John 5:40 And ye will not come to me,

Greek : 

Literal Verse: 

Also, you do not want to move towards me to that place where you might keep living.

Also, you do not want to move towards me in order that you might keep living.

KJV : 

Jhn 5:40 And ye will not come to me, that ye might have life.

Interesting and Hidden Aspects: 

In English, the use of "will" is confusing because it is used to show our future tense. This isn't the case in Greek. The Greek verb used here, thelo, means desiring or wishing something. Its meaning is clearer if we translated it in this context as "want."

The conjunction/adverb hina is translated as "that" but it has shades of meaning that are lost in translation. Let us consider its two possible meanings that become blended in Greek.

"Hina" primary means "in that place where." If we assume that moving toward Christ is thought of as a place, the verse becomes: "Also, you do not want to come towards me to that place where you might keep living."

However, when "hina" is used as the final conjunction, as it is here, and especially when used with the subjunctive, also as here, it means "in order that." The makes the verse: "Also, you do not want to move towards me in order that you might keep living."

Greek Vocabulary: 

καὶ "And" is from kai, which is the conjunction joining phrases and clauses, "and," or "but." After words implying sameness, "as" (the same opinion as you). Used in series, joins positive with negative "Not only...but also." Also used to give emphasis, "even", "also," and "just."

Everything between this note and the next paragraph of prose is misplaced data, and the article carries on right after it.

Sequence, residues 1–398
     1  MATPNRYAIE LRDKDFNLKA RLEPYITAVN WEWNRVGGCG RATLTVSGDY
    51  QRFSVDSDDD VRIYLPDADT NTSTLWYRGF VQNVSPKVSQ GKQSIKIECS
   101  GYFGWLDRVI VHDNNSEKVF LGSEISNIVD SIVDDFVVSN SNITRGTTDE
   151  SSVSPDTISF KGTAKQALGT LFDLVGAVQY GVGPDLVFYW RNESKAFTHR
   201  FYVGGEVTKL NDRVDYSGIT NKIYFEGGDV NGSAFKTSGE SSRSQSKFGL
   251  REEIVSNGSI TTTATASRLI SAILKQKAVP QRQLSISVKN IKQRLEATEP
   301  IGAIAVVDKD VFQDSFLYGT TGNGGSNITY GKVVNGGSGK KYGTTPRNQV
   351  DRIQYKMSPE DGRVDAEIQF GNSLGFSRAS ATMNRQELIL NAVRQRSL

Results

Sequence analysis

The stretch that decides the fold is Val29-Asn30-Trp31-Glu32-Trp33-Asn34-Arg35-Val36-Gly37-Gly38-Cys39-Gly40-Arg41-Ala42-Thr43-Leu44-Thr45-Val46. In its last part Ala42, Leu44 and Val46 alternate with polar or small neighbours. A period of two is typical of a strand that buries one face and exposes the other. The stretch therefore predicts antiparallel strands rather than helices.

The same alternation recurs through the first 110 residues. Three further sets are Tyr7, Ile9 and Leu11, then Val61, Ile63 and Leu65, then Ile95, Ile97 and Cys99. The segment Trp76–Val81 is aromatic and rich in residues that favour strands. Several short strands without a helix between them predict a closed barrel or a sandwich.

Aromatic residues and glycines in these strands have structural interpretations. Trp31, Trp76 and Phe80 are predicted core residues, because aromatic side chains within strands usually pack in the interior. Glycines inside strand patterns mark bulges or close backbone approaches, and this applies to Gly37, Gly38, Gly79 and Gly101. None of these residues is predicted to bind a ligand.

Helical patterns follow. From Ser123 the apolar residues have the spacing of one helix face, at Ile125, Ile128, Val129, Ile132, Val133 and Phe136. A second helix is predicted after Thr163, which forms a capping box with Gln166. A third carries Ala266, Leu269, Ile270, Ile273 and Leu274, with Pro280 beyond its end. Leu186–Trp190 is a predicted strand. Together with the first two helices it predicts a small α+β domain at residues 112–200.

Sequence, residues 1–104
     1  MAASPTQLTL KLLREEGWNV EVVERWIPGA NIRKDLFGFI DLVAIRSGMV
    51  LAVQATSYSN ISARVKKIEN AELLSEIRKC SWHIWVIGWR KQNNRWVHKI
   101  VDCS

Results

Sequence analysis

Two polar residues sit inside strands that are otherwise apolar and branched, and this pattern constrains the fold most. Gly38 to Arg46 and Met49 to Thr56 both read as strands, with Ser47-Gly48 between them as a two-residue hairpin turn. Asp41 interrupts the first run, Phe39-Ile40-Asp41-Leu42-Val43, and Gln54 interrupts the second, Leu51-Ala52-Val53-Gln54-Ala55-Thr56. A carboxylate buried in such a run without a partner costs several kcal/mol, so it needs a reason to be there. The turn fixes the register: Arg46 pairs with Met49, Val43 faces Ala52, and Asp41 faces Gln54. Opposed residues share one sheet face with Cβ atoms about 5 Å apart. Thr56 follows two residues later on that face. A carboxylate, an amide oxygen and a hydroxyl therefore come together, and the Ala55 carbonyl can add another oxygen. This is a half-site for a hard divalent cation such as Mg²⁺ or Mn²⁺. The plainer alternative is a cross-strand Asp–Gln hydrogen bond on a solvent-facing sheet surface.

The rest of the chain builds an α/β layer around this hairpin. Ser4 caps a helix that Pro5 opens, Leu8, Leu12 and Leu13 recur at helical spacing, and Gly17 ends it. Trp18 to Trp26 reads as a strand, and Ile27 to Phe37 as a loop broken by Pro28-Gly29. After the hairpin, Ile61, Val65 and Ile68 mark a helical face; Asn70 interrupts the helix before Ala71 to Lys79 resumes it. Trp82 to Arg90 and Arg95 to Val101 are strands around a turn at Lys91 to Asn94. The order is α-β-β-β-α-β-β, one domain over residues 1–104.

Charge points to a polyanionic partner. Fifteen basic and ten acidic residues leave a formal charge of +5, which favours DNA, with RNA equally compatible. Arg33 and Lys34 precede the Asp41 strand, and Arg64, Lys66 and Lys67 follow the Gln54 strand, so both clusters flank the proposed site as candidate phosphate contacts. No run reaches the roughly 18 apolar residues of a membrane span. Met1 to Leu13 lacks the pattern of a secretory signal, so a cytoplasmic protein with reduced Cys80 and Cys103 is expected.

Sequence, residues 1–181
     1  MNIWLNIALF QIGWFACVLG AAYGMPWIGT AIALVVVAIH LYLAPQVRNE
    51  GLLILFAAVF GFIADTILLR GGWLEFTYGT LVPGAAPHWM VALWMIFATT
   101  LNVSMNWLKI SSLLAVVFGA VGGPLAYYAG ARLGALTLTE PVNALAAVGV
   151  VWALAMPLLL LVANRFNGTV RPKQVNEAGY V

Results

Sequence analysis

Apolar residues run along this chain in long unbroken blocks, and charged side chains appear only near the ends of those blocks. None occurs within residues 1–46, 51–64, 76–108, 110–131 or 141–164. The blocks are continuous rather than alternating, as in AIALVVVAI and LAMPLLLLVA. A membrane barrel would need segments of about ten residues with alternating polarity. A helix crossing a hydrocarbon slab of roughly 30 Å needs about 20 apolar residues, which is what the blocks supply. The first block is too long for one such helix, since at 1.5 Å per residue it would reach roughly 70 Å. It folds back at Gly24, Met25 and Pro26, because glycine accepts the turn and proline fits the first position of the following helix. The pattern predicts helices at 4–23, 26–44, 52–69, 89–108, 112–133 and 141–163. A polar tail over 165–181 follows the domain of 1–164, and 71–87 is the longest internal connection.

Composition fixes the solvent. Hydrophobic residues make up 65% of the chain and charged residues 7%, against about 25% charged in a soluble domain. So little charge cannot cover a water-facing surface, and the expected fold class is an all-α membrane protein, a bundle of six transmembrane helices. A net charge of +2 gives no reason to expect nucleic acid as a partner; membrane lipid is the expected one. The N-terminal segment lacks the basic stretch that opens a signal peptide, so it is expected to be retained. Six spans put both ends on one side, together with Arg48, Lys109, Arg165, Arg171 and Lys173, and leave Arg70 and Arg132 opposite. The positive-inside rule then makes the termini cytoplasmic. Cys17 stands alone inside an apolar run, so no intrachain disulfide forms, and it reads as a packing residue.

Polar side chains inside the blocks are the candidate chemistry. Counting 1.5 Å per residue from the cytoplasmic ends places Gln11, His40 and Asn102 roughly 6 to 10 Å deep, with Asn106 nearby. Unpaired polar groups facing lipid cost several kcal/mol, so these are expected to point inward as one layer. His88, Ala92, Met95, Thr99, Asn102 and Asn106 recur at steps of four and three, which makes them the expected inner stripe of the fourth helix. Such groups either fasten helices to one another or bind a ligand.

οὐ Not" is from οὐ ou which is the negative adverb for facts and statements, negating both single words and sentences. The other negative adverb, class="greek">μήapplies to will and thought; class="greek">οὐ denies, class="greek">μή rejects; class="greek">οὐ is absolute, class="greek">μή relative;class="greek">οὐ objective, class="greek">μή subjective.

θέλετε (2nd pl pres ind act) "Ye will" is from thelô (thelo), which as a verb means "to be willing", "to wish", "to ordain", "to decree", "to be resolved to a purpose" and "to desire." As an adjective, it means "wished for" and "desired."

ἐλθεῖν (aor inf act) "Come" is from erchomai (erchomai), which means "to start," "to set out", "to come", "to go," and any kind of motion. It means both "to go" on a journey and "to arrive" at a place.

πρός "To" is from pros (pros), which means "from (place)", "on the side of", "toward", "before", "in the presence of", "in the eyes of", "before (supplication)", "proceeding from (for effects)", "dependent on", "derivable from", "agreeable,""becoming", "like", "at the point of", "in addition to", "against," and "before."

με "Me" is from eme, which means "I", "me", and "my".

ἵνα "That" is from hina (hina), which means "in that place", "there", "where", "when", "that", "in order that", "when," and "because."

ζωὴν "Life" is from zôê (zoe), which means "living", "substance", "property", "existence," and, incidentally, "the scum on milk." It has the sense of how we say "make a living" to mean property. Homer used it more to mean the opposite of death.

ἔχητε (2nd pl pres subj act) "Have" is from echô (echo), which means "to have", "to hold", "to possess", "to keep", "to have charge of", "to maintain", "to hold fast", "to bear", "to keep close", "to keep safe," and "to have means to do."